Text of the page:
Les Dents Noires (filmed 1970, released 1971)
Director: Auguste Des Jardins
Producer: Jens Dardis
Writer: Auguste Des Jardins & Jens Dardis
Cast:
Emile – Sid Jendras
Marie – Jess-Sindt Gaudreau
Music: Georges Delerue
Editing: Auguste Des Jardins
Distributor: Union Générale Cinématographique
Running time: 13:32

Synopsis:
The short is one, long unbroken shot, initially starting at the street, looking across the yard toward the small house, finished in a maroon paint that is fading to pink. The narration begins as we see Emile and Marie arriving to look at the house, but their arrival also clarifies something: they are not the focus of the short, and the camera is slowly moving inwards, toward the house–specifically toward a half-window into the basement.

Emile and Marie continue talking, and their conversation is banal. Taxes, moving expenses, Emile’s new job. We eventually learn, through guided imagery from Marie, that she has recently suffered a miscarriage. Around this time, we begin to notice, as the camera draws closer to that basement window, that there is a figure in it. Due to the lighting, at first we can see nothing more than that.

But soon, it becomes clear that it is a small form, childlike. We also begin to resolve that it is grinning widely, and its teeth are framed perfectly by Des Jardins’ lighting. They, and the lips around them, are dead, midnight black. It doesn’t seem possible, especially in 1970, for this to be so without visible makeup, but there is no time to consider this, as the audience: Emile and Marie are entering the house.

They continue their conversation, sometimes becoming heated, as the camera settles on the midnight lips and teeth, framing them in the center of the frame as they pulse and tremble with each breath. This is not the darkness of any human skin, but something altogether alien and sinister. The couple repeatedly beings moving toward the basement, and at this sign the breathing intensifies, the rictus grin grows wider, only to return to its previous state when they move away.

In this way, the tension has been built up to an almost unbearable level by the time the basement door actually opens. We see a flash of light across the being’s face, enough to convince us that every part of it is as dark and dead-looking as the mouth upon which we have been fixated for so long. As Emile begins walking into the basement, arguing loudly with Marie, the thing’s breathing crescendos and it moves out of our view. Nothing takes its place but the back wall of the basement, lit by late-afternoon sunshine.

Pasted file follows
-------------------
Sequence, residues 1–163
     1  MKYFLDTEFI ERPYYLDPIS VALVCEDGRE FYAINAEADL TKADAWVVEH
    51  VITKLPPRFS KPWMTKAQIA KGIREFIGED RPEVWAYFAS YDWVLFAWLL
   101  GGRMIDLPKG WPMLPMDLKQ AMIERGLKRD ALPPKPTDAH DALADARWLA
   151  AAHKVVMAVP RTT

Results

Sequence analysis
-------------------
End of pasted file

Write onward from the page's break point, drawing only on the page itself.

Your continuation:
We hear footsteps slapping on concrete, a surprised noise from Emile, followed by a savage, feral sound and a bloodcurdling scream. The sounds of struggle follow, and the noise continues for a moment before dying away in a death rattle.

More footsteps and we see the teeth and grin return. This time, they are freshly bloodied, dappled with crimson. We hear nothing, and for a moment all is as it was before, but for the addition of blood. Then we hear footsteps approaching, tentative footsteps, and realize that we have no idea what happened to Marie. The creature, whatever it is, turns slightly to face someone or something, and speaks its single line in a surprisingly normal child’s voice:

Maman.

A voice answers. “Mon bébé.” It is impossible to tell if Marie is speaking, or if it is another creature entirely.

We then see a pair of hands, adult-sized but midnight as the child, reaching over to caress it. Some blood is gently wiped from its lips as the screen fades to darkness itself.

Notes:
Despite being completed and filmed during breaks for Les Trois Juliets, Les Dents Noires was not released until the following year, as a double feature with a French dub of Willard. Short subjects were, of course, a totally dead genre by the early 70s aside from experimental or student films, and Des Jardins’ production was considered risky at the time.

The short was a cult hit, and many moviegoers reportedly left the theaters before the main program to see it again. But it also fell afoul of some religious viewers and critics, and several theaters refused to screen it during its 1971 release and 1973 re-release. Prints also tended to be snipped from Willard, making them rather rare today.

Notably, there is no credited actor for the “dark child” and no credited makeup artist. Des Jardins later claimed that union rules and labor laws forced him to pay under the table. He also repeatedly refused to clarify the film’s narrative in the years before his death: “I do not care what I have said, I only care what you have heard.”

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